The importance of Intention in Islam

3 minute read

-What is intention in Islam?

The term intention translates to ‘niyah’ in Arabic. Every Muslim is aware of the emphasis Allah SWT puts on intention in Islam, since every action is based on the sincerity of our intention. Intention is the prerequisite of the deed and therefore the foundation for your success from that point onwards. 

-The reward of a sincere intention.

As we know, Allah SWT appoints two angels to record our good deeds and our bad deeds. However, He is Ar-Rahman, the Most Merciful, therefore we are given opportunities as an incentive almost, to guide us to the right path. They are as follows: Whoever intends to perform a good deed, but does not follow through with the act, Allah swt still records it as a complete deed. However, if he also follows through with the deed, Allah swt multiples the reward for that deed. Allah swt’s mercy is greater than his wrath because if you have a bad intention, you are not punished for the thought. You are only punished if you commit the bad deed, yet this is only counted as one deed. Allah SWT acknowledges we are not perfect individuals and that we will sin, hence He doesn’t punish us multiple times and we’re even given the opportunity to repent.

-Examples using the Holy Quran and the Hadith.

The phrase ‘Fi Sabilillah’ must be mentioned when we discuss the topic of intention. This translates to ‘in the way of Allah SWT’ and is repeated many times within the Holy Quran. The importance of these words, is that it emphasises a sincere intention. Everything should begin in the way of Allah SWT, and the deed should not be done for anyone else but Him. We were not made to please the creation, but rather the creator. Should you begin every action with the correct intention, indeed Allah SWT will reward and send blessing upon you, abundantly.

In the Holy Quran, Chapter 51, verse 56, Allah SWT says ‘I did not create the jinn and mankind except to worship me’. This reiterates the importance of doing an action purely for the sake of pleasing Allah SWT instead of attempting to please others. It is important to remember however, that whilst we should dedicate everything we do in the way of Allah SWT, we must not forget to set ourselves up in this life as well. Allah SWT does not tell us to abandon this world and only worship Him repeatedly. Many assume the two cannot go hand in hand and I will now give some examples of how we can implement Islam into our daily lives by using intention to complete simple tasks as acts of worship.

One example, is that you may set out and have the intention to earn an income. This is not a bad thing, however it is on its own, a worldly goal. If we simply refine this statement, into one along the lines of my intention is to earn an income in order to support my wife and family, this now becomes an act of worship as you are fulfilling the role that Allah SWT ordained for you as the breadwinner for the family in order to support his wife and children for the future.

Another example could be that your intention is to earn money, however you could amend this to I intend to earn money and give a small percentage to the poor, which results in you fulfilling one of the five pillars of Islam.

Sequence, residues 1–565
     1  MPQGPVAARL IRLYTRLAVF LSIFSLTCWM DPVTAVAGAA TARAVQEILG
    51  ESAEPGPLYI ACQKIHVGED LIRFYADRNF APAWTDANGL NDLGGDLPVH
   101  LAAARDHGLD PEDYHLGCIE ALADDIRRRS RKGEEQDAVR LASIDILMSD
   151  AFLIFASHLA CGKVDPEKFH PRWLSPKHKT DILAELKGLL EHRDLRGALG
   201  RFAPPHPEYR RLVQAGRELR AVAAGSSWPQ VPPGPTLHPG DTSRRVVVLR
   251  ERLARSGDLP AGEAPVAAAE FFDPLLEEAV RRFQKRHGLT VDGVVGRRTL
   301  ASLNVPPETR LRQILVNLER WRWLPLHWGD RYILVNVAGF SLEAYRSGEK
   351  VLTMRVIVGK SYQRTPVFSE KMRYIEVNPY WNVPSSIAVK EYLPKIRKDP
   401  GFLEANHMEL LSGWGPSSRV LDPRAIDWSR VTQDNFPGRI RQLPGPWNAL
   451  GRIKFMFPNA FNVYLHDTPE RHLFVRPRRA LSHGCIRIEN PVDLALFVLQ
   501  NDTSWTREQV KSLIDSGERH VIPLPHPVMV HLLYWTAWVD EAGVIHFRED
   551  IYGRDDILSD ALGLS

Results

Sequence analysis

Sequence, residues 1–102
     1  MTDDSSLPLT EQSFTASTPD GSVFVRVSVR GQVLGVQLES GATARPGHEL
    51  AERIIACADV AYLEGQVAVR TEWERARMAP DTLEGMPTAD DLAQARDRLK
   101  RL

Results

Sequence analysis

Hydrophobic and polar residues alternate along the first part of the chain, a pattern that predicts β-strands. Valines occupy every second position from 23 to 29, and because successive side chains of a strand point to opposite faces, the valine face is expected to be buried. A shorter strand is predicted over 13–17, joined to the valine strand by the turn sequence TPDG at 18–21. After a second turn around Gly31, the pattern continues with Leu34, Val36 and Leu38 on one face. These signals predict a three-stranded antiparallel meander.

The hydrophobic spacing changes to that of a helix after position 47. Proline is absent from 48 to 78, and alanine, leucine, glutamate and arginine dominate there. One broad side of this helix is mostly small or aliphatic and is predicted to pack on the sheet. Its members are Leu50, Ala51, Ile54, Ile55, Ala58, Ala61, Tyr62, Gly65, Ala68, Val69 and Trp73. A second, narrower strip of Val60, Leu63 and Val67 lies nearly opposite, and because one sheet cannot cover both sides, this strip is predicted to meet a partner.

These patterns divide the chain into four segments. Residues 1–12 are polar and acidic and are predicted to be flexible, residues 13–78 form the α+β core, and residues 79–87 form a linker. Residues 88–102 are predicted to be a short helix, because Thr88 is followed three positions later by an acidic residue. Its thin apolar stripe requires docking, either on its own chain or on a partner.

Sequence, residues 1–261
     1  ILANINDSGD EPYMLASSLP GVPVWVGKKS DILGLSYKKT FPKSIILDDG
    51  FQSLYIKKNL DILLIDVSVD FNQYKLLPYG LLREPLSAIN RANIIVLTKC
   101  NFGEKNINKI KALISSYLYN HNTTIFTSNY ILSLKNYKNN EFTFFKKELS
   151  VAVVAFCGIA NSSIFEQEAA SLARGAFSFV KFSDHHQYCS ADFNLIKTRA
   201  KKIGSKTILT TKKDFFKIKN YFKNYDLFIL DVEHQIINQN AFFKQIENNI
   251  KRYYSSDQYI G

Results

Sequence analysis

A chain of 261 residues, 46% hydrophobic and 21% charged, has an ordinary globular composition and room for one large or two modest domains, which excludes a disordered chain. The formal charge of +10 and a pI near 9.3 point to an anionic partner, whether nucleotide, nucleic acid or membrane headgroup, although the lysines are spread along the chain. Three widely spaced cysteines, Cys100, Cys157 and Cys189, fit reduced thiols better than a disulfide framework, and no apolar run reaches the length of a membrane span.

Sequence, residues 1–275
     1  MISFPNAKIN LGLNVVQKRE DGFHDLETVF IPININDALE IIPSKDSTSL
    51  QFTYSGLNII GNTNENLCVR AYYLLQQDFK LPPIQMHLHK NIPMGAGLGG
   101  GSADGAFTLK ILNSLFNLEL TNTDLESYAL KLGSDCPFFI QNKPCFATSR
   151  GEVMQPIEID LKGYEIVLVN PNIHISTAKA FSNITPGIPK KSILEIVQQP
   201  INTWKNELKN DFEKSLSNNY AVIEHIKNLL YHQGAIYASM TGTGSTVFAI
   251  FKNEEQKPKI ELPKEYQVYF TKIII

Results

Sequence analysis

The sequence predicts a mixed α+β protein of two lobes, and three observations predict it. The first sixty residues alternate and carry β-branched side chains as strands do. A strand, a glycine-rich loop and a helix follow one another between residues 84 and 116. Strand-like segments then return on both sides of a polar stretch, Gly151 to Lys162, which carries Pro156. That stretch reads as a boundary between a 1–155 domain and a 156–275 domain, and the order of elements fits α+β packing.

It is important to continue to renew your intention every once in a while, as the wording and feeling behind your niyah can have a big impact on your afterlife. In fact, it can even hold significance in this world, as if you follow a life that Allah SWT favours, He will reward you plenty. 

Umar Bin Al- Khattab (may Allah swt be pleased with him) narrates that the prophet Muhammad SAW said ‘innamal a’malu bin niyat’ which translates to ‘the reward of deeds depends upon the intentions’. This hadith emphasises that your actions are judged based on your real intentions. You may overtly look as though your deed was done for the sake of Islam, but you must guarantee your intention matches, otherwise it holds little to no value.

We must remember that the true intention is in the heart and therefore it is hidden and only Allah SWT knows. Try not to concern yourself with what others may assume of you and do not diminish anyone else’s deeds either.

The first migration to Abyssinia and King Najashi

3 minute read

There were two migrations which took place to Abyssinia during the time of the Prophet Muhammed (ﷺ). Following the continuous threat of persecution and the torture of the Quraysh upon the Muslims, the Prophet Muhammed (ﷺ) commanded some Muslims to immigrate to Abyssinia. These emigrants included Ruqayyah (ra), the Prophet Muhammad (ﷺ)’s daughter and her husband Uthman (ra). The purpose of this first migration was to escape persecution and be able to practice Islam freely. 

Abyssinia is now known as Ethiopia, a country which is in Africa. The Arabic word for Abyssinia is Habashah [1]. The Prophet Muhammed (ﷺ) had advised the emigrants to go to Abyssinia because the ruler at that time, Najashi, was known to be a just King. All the Kings in Abyssinia held the title of Najashi (Negus) but his actual name was Ashama Ibn Abjar [2]. King Najashi was initially Christian and later converted to Islam. He gave refuge to the Muslim emigrants who were escaping persecution in their homes in Makkah.

When the Muslims arrived in Abyssinia, Ja’far ibn Abu Talib (ra) addressed King Najashi saying,